The Black Museum
The Black Museum was a 1951 radio crime-drama program independently produced by Harry Alan Towers and based on real-life cases from the files of Scotland Yard's Black Museum. Ira Marion was the scriptwriter, and music for the series was composed and conducted by Sidney Torch. Although often mistakenly cited as being produced for the BBC, the series was produced and syndicated commercially by Towers throughout the English-speaking world.
Orson Welles was both host and narrator for stories of horror and mystery, based on Scotland Yard's collection of murder weapons and various ordinary objects once associated with historical true crime cases. The show's opening began:
This is Orson Welles, speaking from London.
(Sound of Big Ben chimes)
The Black Museum... a repository of death. Here in the grim stone structure on the Thames which houses Scotland Yard is a warehouse of homicide, where everyday objects... a woman’s shoe, a tiny white box, a quilted robe... all are touched by murder.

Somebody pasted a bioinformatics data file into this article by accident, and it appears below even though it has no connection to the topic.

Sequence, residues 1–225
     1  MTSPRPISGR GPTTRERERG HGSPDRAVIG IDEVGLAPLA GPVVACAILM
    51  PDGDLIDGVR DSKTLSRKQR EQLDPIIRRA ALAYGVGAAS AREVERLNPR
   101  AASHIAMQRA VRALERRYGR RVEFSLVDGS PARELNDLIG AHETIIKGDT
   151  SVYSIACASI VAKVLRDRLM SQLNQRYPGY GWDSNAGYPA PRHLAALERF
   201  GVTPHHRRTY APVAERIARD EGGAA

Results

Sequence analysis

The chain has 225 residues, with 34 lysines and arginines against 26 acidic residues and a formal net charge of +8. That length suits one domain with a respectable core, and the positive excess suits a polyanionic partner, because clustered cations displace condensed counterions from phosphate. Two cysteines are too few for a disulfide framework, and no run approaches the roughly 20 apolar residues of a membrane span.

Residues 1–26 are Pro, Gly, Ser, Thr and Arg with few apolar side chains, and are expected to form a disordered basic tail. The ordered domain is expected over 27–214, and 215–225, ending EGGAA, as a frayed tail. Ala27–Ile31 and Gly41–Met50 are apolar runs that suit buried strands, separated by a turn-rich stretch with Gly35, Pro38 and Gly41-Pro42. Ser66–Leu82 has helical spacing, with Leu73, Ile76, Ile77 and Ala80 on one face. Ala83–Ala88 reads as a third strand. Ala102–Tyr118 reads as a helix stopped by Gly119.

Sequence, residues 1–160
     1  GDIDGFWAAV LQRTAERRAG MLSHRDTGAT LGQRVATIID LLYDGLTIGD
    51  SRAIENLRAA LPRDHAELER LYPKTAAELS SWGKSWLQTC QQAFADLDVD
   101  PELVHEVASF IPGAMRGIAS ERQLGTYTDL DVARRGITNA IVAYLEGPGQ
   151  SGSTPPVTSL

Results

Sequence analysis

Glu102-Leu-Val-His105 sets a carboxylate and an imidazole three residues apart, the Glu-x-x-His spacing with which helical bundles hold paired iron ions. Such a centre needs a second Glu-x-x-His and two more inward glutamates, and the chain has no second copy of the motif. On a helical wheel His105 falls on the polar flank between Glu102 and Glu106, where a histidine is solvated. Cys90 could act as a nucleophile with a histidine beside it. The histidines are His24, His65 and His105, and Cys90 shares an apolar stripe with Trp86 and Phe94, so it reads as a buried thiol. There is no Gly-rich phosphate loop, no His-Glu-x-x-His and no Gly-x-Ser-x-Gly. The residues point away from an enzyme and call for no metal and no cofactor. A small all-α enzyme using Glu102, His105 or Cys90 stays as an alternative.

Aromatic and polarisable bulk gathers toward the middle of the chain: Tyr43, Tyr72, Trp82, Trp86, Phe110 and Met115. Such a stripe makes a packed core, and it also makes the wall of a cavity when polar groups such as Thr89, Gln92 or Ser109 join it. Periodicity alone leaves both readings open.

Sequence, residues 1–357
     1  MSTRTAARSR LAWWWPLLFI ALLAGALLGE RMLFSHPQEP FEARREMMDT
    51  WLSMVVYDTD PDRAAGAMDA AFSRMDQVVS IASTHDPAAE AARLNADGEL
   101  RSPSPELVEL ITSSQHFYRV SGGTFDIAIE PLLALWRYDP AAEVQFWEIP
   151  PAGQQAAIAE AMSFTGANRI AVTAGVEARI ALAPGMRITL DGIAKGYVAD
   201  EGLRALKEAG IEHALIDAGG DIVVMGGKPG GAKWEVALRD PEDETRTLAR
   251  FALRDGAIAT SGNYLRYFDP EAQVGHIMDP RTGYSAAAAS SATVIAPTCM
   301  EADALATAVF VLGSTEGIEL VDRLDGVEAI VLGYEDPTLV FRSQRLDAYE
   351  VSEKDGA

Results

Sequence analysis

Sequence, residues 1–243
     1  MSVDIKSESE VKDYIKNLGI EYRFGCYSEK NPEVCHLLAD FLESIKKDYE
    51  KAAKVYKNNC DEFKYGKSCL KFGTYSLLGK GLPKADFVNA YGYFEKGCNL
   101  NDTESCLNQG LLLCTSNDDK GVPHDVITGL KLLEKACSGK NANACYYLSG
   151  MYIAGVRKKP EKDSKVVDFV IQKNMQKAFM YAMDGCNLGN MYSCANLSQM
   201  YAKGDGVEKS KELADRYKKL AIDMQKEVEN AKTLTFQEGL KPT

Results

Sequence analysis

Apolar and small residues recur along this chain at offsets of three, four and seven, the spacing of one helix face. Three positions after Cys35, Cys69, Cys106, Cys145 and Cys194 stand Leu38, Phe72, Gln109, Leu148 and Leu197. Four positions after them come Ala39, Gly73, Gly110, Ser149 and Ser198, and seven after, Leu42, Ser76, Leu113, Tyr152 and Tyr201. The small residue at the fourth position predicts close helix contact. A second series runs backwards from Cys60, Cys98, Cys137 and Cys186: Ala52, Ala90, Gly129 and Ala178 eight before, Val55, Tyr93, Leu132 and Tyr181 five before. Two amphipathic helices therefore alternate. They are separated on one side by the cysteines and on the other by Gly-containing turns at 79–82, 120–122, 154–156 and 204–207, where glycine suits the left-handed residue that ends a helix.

In the United States, the series aired on the Mutual Network between January 1 and December 30, 1952.
Beginning May 7, 1953, it was also broadcast over Radio Luxembourg sponsored by the cleaning products Dreft and Mirro. Since the BBC carried no commercials, Radio Luxembourg aired sponsored programs at night to England.
In the United States, there was a contemporary programme called Whitehall 1212 written and directed by Wyllis Cooper and broadcast by NBC, that was similar in scope to The Black Museum. It was hosted by Chief Superintendent John Davidson, curator of the Black Museum. It used many of the same picked cases as The Black Museum, and it nearly mirrored its broadcast run. The two shows were different in the respect that while Whitehall 1212 told the story of a case entirely from the point of view of the police starting from the crime scene, The Black Museum was more heavily dramatized and played out scenes of the actual murders and included scenes from the criminal's point of view.